By Caroline Werenskjold of Oakton High School
One neighborhood. Two gangs. One love. Last weekend, St. Andrew’s Episcopal School told the classic story of forbidden love in their performance of "West Side Story."
With music by Leonard Bernstein and lyrics by Stephen Sondheim, this Broadway classic first opened in 1957 and received multiple Tony Award nominations, including best musical. After over 800 Broadway performances, multiple tours, and a movie rendition, "West Side Story" is one of the most well-known musicals. It follows the tale of two rival gangs, the Jets and the Sharks, fighting for territory in Manhattan in the 1950s. The Jets, the All-American boys led by Riff, have declared war with the Sharks, the Puerto-Rican immigrants led by Bernardo, and in the midst of the tension, Jets member and Riff’s best friend Tony falls in love at first sight with the sister of the Bernardo, Maria. When Tony accidentally kills Bernardo, only tragedy can follow as the two star-struck lovers try to find a way for them to be together.
Despite underdeveloped characterization and at times unsynchronized dance numbers, the cast as a whole was energetic and entertaining to watch, handling any technical difficulties with admirable ease. St. Andrew’s production took many risks, including having the ballad “Somewhere”, traditionally sung by Maria, instead sung by a male ensemble actor. Ultimately these risks paid off, giving new insight to a familiar musical.
St. Andrews’s cast was lead by a pair of talented and dynamic vocalists. Ben Coleman stood out not only for his portrayal of the lovesick Tony but for his harmonious voice as well. Coleman delivered accurate portrayals of Tony’s turbulent emotions, ranging from hopeless romance to devastating rage. He was not afraid to have fun with his character; his rendition of “Maria” was characterized with qualities of a hopeless romantic that as he spun around the stage head-over-heels in love. Acting opposite of him, Kiah Simms fully exuded the innocent nature of Maria, balancing Coleman’s animated emotions with a more gentle affection. Her breathtaking soprano harmonized beautifully with Coleman’s smooth tone, making their duets hauntingly beautiful and sincere.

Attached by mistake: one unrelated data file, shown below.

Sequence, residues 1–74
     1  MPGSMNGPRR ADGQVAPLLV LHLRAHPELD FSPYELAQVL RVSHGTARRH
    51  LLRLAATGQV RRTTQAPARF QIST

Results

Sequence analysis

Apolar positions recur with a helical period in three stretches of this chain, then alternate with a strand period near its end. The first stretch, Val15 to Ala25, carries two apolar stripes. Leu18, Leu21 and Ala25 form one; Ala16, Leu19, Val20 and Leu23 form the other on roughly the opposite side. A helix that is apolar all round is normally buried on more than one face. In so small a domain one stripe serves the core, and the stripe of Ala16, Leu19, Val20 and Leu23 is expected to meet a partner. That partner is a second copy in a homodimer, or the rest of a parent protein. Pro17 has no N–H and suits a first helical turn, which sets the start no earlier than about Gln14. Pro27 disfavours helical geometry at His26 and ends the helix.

A stand out among the cast was Abigail Stephenson as Maria’s lively friend Anita. Stephenson delivered the highest energy of the cast, giving life to Anita’s fiery Puerto Rican personality. When appropriate, she restrained her spirited energy and turned it into intense emotion, making her both dynamic and believable. In “A Boy Like That/I Have a Love” sung after Bernardo is killed, Stephenson’s rich alto and heavy emotion combined stunningly with Simms’s passionate soprano, making the number a highlight of the show.
The ensemble as well worked well together, bringing out more energy in each other during the large ensemble scenes. The boys of the Jets gang in particular complimented each other well. Their performance of the comedic “Gee, Officer Krupke” was laugh-out-loud funny as ten guys gave ridiculous impressions of disturbed teenagers, bringing much needed comedic relief to the heavy plot.
Costumes were central to the believability of the show. Dressing the Jets members in cool tones of green and light blue while keeping the Sharks in deep reds or purples made it easy to tell the characters apart in large ensemble dance numbers. Costume changes were quick and each costume was period, keeping the show consistent and focused.
With a difficult combination of long dance numbers and intricate melodies, "West Side Story" would be an ambitious choice for any high school. Nevertheless, St. Andrew’s Episcopal School gave an honorable performance and showed us that love indeed conquers all.